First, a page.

Automation and robotics: The supply chain of the future
We have long anticipated the introduction of robotics into the supply chain. We have predicted the potential of such technology to help businesses keep pace with distribution challenges and consumer demand for convenience and variety. However, while robotics technology has now arrived in many sectors of life, it is yet to truly revolutionise the logistics environment.
There have been a number of technological barriers which have resulted in the slow uptake of automation in the supply chain. Until recently, robots had been stationary, blind, and relatively unintelligent, lacking the complexity and agility that the logistics industry requires. However, next-generation robots are very different – they are lighter, more flexible, easier to program, and more affordable due to swift progress in grip and sensor technologies. Combined with the advent of micro-technology and the ability to create compact and collaborative robots, we are finally starting to see automation becoming a reality in the supply chain.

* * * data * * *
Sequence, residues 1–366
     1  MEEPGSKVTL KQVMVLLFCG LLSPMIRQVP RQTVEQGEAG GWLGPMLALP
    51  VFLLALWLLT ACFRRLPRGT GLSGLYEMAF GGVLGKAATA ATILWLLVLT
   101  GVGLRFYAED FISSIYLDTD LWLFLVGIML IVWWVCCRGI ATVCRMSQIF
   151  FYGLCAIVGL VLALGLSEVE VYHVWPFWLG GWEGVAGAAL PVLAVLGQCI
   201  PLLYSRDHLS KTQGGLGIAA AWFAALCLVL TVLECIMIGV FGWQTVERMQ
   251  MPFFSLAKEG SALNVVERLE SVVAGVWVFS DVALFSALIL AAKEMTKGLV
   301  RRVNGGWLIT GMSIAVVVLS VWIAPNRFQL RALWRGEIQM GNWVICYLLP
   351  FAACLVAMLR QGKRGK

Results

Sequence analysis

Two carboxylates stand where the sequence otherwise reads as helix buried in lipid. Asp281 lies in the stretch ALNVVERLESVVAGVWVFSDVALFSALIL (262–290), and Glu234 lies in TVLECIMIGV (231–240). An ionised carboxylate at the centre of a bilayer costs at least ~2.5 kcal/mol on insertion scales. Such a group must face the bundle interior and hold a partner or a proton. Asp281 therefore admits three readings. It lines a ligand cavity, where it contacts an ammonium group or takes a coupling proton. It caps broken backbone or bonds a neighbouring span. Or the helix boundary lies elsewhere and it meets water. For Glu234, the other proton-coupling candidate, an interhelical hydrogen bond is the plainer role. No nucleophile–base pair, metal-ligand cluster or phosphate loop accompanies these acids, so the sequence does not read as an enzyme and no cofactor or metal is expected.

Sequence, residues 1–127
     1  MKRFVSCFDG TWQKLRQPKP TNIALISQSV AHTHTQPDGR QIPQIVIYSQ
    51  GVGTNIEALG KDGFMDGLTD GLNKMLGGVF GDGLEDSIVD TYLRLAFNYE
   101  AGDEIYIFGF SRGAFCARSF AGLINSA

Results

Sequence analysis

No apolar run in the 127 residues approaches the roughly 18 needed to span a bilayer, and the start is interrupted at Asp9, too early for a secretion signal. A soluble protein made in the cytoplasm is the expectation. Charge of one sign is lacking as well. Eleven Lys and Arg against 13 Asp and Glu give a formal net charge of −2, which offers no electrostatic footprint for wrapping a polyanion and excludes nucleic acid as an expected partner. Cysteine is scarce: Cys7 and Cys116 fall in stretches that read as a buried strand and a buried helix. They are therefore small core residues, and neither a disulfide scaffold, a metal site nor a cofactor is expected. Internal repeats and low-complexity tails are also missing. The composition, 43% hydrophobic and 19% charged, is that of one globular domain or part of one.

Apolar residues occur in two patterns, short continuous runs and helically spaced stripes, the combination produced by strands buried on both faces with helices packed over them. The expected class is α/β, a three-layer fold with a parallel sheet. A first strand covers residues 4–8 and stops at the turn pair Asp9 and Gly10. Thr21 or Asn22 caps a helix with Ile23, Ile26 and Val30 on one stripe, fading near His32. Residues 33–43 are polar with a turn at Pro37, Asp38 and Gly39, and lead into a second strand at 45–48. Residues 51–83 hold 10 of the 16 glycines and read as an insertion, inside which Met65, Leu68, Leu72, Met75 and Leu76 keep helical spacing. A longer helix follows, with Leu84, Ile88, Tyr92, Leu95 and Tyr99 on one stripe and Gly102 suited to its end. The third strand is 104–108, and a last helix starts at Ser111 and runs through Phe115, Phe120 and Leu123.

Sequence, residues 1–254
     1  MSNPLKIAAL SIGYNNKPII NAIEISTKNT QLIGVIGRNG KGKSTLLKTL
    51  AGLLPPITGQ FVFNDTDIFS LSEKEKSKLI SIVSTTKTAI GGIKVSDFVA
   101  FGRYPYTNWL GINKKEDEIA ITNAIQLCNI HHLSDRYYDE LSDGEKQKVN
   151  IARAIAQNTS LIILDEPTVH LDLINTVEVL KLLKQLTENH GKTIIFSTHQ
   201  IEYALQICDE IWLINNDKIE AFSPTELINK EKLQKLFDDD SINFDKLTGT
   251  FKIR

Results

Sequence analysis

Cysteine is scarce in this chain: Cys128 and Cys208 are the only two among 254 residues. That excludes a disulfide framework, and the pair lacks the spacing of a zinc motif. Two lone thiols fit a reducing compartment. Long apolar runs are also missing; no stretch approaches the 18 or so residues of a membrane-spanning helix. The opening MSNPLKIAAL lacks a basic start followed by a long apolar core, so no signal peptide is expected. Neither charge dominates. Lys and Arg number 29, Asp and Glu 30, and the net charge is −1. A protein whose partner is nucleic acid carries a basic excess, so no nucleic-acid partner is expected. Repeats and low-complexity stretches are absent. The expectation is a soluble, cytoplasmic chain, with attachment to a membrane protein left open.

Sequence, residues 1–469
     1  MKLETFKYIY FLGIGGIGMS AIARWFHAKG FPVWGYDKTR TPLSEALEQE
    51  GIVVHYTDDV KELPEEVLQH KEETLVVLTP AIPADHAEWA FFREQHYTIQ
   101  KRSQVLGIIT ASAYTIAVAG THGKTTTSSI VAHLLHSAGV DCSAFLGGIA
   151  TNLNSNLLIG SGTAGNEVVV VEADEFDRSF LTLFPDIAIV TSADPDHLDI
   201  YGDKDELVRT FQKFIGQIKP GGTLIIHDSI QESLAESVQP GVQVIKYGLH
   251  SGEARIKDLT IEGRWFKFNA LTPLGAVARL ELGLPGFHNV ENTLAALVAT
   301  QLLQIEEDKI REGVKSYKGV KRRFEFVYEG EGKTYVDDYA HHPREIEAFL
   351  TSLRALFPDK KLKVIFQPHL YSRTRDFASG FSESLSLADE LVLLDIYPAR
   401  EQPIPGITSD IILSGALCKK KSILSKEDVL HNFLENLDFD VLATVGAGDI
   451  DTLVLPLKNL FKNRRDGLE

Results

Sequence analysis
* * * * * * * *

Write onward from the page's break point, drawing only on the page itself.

Despite the previously slow uptake, the benefits of robotics and automation technologies are well understood, with their ability to support zero-defect logistics processes and enable new levels of productivity. The new generation of collaborative robots and automated solutions with significantly improved performance and enhanced sensing capabilities, offers a genuine alternative to manual handling.